In early 2014, the mockup was removed from its viewing location in front of the Columbia Memorial Space Center and placed into a temporary storage facility as new plans for permanent housing and funding are considered by city officials.
Challenger Learning Center
Return to the Moon, Voyage to Mars or Rendezvous With Comet Halley in our space mission simulator!
Challenger Center for Space Science Education offers dynamic, hands-on exploration and discovery opportunities to students around the world. These programs equip students with the knowledge, confidence, and skills that will help better our national social and economic well-being.
Your visit to the Challenger Learning Center in Downey, California is not just a field trip — it’s a unique hands-on learning experience, transforming you into a scientist, engineer, or researcher on a simulated space mission, complete with mission control and spacecraft. From the moment of lift-off to the completion of the mission, you become a critical member of one of eight mission teams. Participants will have the opportunity to become both mission controller and spacecraft astronaut.
Inside the center, groups of 16 to 36 students in grades 5 and up become crew members on a simulated space mission. Excitement builds as they return to the moon as a crew.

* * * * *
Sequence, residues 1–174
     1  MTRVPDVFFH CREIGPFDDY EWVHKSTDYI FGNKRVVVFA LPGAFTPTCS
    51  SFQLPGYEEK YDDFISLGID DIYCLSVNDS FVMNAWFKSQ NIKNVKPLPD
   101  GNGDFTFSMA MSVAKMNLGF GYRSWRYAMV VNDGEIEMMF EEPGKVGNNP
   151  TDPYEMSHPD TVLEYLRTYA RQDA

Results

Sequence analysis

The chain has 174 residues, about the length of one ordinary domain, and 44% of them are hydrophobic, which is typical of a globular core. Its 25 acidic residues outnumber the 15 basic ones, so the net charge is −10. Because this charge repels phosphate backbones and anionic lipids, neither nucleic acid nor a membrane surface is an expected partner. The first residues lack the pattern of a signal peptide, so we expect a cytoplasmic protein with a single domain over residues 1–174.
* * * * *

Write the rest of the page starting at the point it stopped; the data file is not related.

Crew members must solve real-life problems in math, science and technology to successfully complete their mission. Each team is critical, and the success of the mission is dependent upon the work of all teams. The two-hour simulation takes place in a realistic mock-up of a spacecraft and mission control room.
We welcome people of all ages to explore space science like they never have before. With hands-on robotics presentations and its very own Challenger Learning Center, the Columbia Memorial Space Center has become a staple institution in City of Downey and Los Angeles Area.
The Columbia Memorial Space Center is the only space science learning center in the Los Angeles area dedicated to hands-on robotics and boasts LA’s only Challenger Learning Center. We are also dedicated to preserving the history of aerospace engineering in Downey. During your visit, you will learn about Downey’s place in the exploration of space flight, from the Apollo capsules to the Space Shuttle Orbiters.
We are currently working to preserve and display several major space engineering artifacts, ranging from test capsules to a full-scale Space Shuttle mock-up. Every Apollo Command Module and Space Shuttle were conceptualized, designed, and assembled on the site our Center now resides.
Our goal is to teach young people about careers in space exploration and aviation. We focus on engineering, technology and science.
The Columbia Memorial Space Center is open to the public Tuesday through Saturday from 10:00am to 5:00pm, and is closed Sunday and Monday.
We offer guided tours of our facility to groups of any age, including groups with disabilities and those who require special attention.
We also offer specialized classes and workshops for students in pre-K to college in topics such as space science, robotics, and rocketry.
Visit our website for more information on our seasonal classes, special guests speakers, and star gazing events.